Andrea Temesvari said Mary Joe Fernandez never did anything to hurt her. Ann Hobbs said she would like to see Fernandez play on a fast surface. Today, Claudia Kohde-Kilsch said Fernandez was "a little bit lucky at the end."

The three women have one thing in common: Fernandez defeated each of them. After an impressive 7-6, 7-5 upset of fourth-seeded Kohde-Kilsch this afternoon, Fernandez is in the quarterfinals of the French Open. That's not bad for a 14-year-old from Miami who has just finished ninth grade.

"I never thought I would get this far," Fernandez said. "I'm kind of in shock that I won today."

She is not alone. Kohde-Kilsch looked like she could not believe what was happening as the match progressed. She kept looking into the stands, where her parents and coach were sitting, as if to say, "What is going on here?"

What was going on was just what has gone on all week here. Behind her braces, tiny gold earrings and little-girl look, Fernandez is remarkably tough. In her first-round match, she took a first-set tie-breaker from Helen Kelesi and won in straight sets. In the second round, she came from a set down to beat Temesvari. Today, she came from 3-1 down in the first set and 4-2 down in the tie-breaker to win.

"I just keep telling myself that it's just another match," Fernandez said. "Maybe that's what they older players should do when they play me. Today, I thought she started getting upset with herself. After a while, I felt like I could win but I tried not to think about it because if I did I would have gotten nervous."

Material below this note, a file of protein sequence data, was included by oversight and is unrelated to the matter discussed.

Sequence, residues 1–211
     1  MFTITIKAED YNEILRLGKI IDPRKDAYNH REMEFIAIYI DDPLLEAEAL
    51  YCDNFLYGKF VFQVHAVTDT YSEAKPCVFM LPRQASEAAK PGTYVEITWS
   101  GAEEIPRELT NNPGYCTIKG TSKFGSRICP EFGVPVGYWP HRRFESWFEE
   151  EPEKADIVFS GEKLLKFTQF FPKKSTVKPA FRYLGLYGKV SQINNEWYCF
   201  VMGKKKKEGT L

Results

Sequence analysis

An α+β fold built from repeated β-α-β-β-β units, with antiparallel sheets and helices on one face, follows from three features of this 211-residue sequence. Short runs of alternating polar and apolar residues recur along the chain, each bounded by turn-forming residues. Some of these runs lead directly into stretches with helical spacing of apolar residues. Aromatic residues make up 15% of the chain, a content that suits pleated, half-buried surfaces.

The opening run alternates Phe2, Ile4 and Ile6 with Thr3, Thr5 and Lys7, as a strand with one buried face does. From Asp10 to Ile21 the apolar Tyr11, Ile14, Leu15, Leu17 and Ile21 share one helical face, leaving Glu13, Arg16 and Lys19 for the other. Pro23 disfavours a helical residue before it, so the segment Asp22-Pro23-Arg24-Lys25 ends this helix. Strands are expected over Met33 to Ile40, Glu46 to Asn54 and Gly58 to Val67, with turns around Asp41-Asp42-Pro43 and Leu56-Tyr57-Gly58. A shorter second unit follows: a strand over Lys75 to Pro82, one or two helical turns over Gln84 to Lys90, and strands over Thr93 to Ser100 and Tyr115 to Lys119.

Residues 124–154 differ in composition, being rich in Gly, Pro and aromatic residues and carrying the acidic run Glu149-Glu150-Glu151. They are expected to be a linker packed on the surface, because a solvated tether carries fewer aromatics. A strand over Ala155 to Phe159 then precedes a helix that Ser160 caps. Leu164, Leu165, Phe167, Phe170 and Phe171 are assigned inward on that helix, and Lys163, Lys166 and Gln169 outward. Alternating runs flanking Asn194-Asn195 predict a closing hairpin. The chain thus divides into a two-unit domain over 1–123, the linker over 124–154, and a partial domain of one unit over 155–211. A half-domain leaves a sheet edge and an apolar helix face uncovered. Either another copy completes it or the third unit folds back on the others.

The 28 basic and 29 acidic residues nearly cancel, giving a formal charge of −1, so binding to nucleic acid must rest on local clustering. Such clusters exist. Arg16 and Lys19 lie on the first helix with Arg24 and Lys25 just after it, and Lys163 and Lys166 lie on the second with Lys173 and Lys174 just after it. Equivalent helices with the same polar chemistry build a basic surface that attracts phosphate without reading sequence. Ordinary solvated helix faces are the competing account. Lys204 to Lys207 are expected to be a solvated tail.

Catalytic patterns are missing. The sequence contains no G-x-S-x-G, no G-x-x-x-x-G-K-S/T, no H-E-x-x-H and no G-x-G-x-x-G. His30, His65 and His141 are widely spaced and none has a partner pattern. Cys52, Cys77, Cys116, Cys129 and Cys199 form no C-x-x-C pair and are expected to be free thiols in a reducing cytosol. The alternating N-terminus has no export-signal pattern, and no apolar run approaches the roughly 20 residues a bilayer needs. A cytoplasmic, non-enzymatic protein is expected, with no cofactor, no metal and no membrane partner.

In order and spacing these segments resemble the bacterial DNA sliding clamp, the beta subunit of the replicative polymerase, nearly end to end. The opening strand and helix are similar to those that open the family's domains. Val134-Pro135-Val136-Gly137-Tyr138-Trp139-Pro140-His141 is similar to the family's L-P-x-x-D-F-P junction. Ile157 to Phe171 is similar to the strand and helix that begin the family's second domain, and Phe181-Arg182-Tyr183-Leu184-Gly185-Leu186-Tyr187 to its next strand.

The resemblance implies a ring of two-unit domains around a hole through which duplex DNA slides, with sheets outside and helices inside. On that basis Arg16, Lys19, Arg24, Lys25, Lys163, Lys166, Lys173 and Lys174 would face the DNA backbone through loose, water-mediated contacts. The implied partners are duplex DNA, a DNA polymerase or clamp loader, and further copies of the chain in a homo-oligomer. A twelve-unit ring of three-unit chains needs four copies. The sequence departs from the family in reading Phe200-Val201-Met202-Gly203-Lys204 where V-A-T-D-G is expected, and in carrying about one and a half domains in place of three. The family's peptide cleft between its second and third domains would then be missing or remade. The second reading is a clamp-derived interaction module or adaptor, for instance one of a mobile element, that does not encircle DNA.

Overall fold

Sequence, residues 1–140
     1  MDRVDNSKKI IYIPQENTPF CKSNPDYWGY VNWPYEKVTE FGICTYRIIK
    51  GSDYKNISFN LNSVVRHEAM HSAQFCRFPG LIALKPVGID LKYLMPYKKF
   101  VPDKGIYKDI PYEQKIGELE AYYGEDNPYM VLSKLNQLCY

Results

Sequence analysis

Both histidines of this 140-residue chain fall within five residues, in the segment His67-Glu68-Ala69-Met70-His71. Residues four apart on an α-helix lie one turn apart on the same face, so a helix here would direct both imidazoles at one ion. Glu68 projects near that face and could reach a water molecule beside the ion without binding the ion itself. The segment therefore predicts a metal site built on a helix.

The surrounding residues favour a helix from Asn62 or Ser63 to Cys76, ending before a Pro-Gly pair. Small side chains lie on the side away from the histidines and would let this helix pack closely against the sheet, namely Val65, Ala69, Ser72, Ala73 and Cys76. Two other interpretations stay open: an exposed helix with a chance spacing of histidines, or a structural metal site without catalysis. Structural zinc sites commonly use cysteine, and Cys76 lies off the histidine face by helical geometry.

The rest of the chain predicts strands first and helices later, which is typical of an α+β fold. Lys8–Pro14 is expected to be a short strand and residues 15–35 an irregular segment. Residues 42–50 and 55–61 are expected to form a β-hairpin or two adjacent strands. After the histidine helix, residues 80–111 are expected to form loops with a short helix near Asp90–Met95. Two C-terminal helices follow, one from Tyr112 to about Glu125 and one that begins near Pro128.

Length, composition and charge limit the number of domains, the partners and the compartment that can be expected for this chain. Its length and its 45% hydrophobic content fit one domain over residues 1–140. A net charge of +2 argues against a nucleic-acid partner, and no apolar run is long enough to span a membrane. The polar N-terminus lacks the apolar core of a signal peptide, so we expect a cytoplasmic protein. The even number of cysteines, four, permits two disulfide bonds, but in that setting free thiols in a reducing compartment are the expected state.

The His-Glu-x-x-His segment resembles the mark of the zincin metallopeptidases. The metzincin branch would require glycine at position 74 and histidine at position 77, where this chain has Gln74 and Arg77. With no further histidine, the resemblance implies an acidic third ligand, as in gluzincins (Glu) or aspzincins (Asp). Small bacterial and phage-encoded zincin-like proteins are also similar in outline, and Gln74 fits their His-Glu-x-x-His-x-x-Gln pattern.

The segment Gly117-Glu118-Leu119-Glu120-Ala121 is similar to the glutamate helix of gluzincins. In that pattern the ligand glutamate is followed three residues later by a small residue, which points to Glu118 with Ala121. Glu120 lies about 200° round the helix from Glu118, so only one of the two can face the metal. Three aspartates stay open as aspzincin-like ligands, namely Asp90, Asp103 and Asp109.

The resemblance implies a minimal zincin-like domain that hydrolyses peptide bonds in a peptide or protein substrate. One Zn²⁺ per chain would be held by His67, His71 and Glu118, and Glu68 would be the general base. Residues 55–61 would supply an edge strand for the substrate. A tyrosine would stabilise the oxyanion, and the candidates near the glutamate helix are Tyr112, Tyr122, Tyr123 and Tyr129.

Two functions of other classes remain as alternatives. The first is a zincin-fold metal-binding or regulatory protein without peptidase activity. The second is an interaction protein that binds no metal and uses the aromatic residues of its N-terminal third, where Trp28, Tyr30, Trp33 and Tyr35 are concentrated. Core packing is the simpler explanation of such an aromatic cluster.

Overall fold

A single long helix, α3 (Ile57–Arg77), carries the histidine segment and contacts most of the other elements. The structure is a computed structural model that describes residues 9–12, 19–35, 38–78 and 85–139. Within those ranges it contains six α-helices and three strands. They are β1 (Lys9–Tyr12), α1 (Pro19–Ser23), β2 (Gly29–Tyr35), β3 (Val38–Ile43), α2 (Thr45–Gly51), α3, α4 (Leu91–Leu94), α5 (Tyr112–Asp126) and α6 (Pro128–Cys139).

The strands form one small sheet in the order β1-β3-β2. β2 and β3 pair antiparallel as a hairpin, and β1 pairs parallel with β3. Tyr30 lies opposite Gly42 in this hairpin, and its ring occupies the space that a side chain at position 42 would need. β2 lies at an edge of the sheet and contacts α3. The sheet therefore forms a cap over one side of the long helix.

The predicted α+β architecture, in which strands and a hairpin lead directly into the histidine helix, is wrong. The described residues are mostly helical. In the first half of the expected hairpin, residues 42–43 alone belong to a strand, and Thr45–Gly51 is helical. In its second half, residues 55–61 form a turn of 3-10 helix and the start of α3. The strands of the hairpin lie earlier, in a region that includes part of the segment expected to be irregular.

Fernandez, who next plays No. 6 seed Helena Sukova, doesn't seem to get nervous. "She's very steady," said Martina Navratilova, who has watched Fernandez play. "She doesn't seem to do anything that will get you in trouble, but she doesn't give up any easy points."

Fernandez is not the youngest quarterfinalist in the history of this tournament -- Kathy Rinaldi was three months younger when she reached the quarters in 1981 -- although she would be the youngest semifinalist. She still has a long way to go with her volleying. In many ways, she plays like her idol, Chris Evert Lloyd, did when she arrived on the tennis scene at the U.S. Open in 1971. Fernandez was a two-week-old baby in the Dominican Republic at the time.

"Chris has always been my idol," Fernandez said. "Maybe that's why I hit my two-fisted backhand just like her. I've watched her hit it so many times it's natural that I would copy it."

More important, to tennis people, is the fact that Fernandez hits her forehand flat, rather than with topspin. Many of the teen phenoms of recent years have had shoulder or elbow problems at a young age largely because of topspin.

"When I first saw her play at age 12, I thought she was wonderful," said Ted Tinling, the 75-year-old wonder who has watched women's tennis for 60 years. "But the best thing I saw about her was that she hit her forehand flat. She is the most innocuous, ungainly looking thing in the world but she's bloody hard to beat."

Fernandez has shot up to 5 feet 9 in the last 18 months and has a beanpole appearance. She turned pro in February and has been training this year with Australian great Fred Stolle. "She's got all the ground strokes already," Stolle said. "We're spending a lot of time right now working on her volleying. It will get better."

Even at such a young age, Fernandez is a terrific big-point player. Today, trailing by 4-2 in the tiebreaker, she whipped off two backhand winners to get even. Kohde-Kilsch, surprised, whacked a backhand long to go down, 5-4. Now nervous, Kohde-Kilsch double-faulted. On set point, she came in behind a serve and punched a volley wide.

"I didn't expect her to make those mistakes," Fernandez said. "But I'm sure glad she did."